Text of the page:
Tony Jaa

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Tony Jaa
Born Worawit Yeerum[1]
(1976-02-05) February 5, 1976 (age 38)
Surin province, Isan, Thailand
Rank Kru in Muay Boran
Black belt in Taekwondo
Black belt in Wushu
Instructor in Escrima and Kino Mutai
Occupation Actor, Director, Action Choreographer, Writer, Producer, martial arts choreographer, martial artists, physical educator, stunt man

Japanom Yeerum (Thai: จาพนม ยีรัมย์),[2][3] formerly Tatchakorn Yeerum[4] (Thai: ทัชชกร ยีรัมย์; RTGS: Thatchakon Yiram) or Phanom Yeerum (Thai: พนม ยีรัมย์; RTGS: Phanom Yiram;  [pʰanom jiːram]; born February 5, 1976 in Surin province, Isaan, Thailand). Better known in the West as Tony Jaa, in Thailand as Jaa Phanom (Thai: จา พนม; RTGS: Cha Phanom), is a Thai martial artist, physical educator, actor, action choreographer, film producer, stuntman, director, and has spent time as a Buddhist monk.[5] His films include Ong-Bak: Muay Thai Warrior, Tom-Yum-Goong (also called Warrior King or The Protector), Ong-Bak 2: The Beginning, Ong Bak 3 and The Protector 2.

Early life[edit]

Tony Jaa was raised in a rural area in Surin province.[6] His hometown is 400 km far from Bangkok. As he grew up he watched films by Bruce Lee, Jackie Chan, Vince Lam and Jet Li at temple fairs, which was his inspiration to learn martial arts. He was so inspired by them that while he was doing chores or playing with friends, he would imitate the martial arts moves that he had seen, practicing in his father's rice paddy. When he was 10 years old, he threatened his father that he would kill himself if he was not taught by Panna Rittikrai.[4]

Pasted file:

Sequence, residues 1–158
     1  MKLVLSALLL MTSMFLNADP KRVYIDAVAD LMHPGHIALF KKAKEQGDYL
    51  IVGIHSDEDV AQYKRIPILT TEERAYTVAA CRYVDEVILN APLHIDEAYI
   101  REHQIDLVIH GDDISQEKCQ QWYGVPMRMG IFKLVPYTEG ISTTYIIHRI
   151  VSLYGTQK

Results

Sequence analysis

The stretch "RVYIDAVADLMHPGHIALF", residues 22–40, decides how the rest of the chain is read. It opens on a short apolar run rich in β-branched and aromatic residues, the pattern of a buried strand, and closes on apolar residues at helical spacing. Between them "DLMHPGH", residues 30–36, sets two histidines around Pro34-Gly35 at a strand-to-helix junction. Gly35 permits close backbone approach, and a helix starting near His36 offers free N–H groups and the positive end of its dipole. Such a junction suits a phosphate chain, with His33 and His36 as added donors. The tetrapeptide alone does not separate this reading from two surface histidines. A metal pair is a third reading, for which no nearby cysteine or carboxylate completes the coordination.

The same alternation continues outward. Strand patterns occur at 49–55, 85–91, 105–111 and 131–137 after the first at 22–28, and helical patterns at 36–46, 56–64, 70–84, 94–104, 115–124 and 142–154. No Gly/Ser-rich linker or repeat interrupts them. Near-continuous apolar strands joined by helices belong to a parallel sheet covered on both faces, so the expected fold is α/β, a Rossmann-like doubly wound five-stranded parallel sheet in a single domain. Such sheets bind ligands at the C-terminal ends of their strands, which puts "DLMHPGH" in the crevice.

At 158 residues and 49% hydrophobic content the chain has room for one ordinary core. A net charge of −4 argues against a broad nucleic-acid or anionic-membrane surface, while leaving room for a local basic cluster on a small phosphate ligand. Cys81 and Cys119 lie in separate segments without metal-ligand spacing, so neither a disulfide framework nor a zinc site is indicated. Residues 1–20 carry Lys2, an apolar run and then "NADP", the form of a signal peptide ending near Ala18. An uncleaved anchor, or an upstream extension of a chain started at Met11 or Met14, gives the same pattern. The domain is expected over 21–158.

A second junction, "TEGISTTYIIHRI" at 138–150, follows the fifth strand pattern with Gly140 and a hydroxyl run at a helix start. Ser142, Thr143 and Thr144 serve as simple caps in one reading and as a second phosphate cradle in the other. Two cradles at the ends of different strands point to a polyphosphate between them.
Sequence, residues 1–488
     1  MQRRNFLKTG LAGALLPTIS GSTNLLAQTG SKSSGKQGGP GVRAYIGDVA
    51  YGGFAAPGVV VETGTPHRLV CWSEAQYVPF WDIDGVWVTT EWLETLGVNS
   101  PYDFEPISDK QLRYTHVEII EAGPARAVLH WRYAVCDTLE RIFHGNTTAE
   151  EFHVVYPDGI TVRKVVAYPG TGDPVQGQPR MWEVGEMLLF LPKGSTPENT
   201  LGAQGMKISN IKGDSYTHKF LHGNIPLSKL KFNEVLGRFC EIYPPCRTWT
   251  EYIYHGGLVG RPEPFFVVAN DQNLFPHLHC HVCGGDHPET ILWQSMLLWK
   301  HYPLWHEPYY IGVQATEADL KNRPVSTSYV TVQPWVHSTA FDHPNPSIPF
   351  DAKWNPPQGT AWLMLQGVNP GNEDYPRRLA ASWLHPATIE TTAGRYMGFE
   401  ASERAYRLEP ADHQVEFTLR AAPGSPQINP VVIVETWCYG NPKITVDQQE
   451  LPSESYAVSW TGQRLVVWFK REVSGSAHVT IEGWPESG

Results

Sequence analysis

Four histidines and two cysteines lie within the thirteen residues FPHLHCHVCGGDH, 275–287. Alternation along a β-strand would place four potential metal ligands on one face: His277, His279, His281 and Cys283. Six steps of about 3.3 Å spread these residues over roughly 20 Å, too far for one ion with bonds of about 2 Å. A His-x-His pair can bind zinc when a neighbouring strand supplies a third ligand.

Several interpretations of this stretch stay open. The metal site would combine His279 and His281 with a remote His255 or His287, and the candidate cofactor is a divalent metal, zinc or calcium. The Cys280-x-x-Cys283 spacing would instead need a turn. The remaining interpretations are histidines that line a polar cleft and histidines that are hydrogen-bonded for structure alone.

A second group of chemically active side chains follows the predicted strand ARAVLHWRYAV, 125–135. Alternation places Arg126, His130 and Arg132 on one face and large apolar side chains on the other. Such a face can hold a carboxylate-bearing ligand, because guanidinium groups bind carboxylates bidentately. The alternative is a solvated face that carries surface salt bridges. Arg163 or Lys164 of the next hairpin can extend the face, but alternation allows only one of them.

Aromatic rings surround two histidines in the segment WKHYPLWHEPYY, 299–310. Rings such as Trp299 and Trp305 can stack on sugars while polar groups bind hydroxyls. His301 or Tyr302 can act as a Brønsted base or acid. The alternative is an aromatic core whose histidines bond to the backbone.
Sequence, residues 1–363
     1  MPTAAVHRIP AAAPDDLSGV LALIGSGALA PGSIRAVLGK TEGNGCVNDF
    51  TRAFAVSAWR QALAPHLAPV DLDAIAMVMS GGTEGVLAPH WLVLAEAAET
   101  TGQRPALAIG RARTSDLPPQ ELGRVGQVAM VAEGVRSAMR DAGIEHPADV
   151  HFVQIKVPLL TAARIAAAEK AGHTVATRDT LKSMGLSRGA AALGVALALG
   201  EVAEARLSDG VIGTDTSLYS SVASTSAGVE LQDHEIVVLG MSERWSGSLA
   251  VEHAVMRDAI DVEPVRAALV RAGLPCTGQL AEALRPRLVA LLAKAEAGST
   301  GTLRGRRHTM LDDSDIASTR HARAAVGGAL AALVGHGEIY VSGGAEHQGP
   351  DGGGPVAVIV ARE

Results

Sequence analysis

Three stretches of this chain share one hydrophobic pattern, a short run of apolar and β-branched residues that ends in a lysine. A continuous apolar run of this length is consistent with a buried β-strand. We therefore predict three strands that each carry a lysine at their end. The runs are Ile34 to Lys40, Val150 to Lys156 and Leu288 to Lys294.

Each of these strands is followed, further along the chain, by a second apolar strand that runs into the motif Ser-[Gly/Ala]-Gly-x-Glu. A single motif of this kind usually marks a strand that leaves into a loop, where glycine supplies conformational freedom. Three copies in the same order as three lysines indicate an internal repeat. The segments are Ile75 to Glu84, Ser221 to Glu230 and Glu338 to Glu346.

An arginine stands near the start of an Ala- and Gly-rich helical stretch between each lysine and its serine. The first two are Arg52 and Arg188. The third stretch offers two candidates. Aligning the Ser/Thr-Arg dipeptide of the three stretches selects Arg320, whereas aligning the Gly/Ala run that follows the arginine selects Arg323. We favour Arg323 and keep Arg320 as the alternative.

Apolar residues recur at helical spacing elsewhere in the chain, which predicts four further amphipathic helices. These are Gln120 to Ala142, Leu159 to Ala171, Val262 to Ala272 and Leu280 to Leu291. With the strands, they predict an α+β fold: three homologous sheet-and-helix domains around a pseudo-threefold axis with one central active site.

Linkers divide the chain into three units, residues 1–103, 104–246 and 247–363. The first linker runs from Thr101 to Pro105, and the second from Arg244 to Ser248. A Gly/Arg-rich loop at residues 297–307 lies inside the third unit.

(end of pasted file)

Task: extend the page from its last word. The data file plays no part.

"What they [Chan, Lee and Li] did was so beautiful, so heroic that I wanted to do it too," Jaa told Time in a 2004 interview. "I practiced until I could do the move exactly as I had seen the masters do it."[7][8]

He began training in muay thai at the local temple from age 8 and at age 15 he requested to become a protégé of stuntman and action-film director Panna Rittikrai.[4] Panna had instructed Jaa to attend Maha Sarakham College of Physical Education in Maha Sarakham Province. He has trained for an unspecified time in taekwondo,[4][6] earning a black belt in the art, although there are no details regarding if this was in formal taekwondo training or as part of his stunt team member apprenticeship. Likewise, he is highly skilled in muay Thai and has fought competitively many times during Muay Thai Training Camp, without losing. He is a well versed martial artist excelling in Muay Boran, Muay Thai, Aikido, Judo, Wushu & Taekwondo.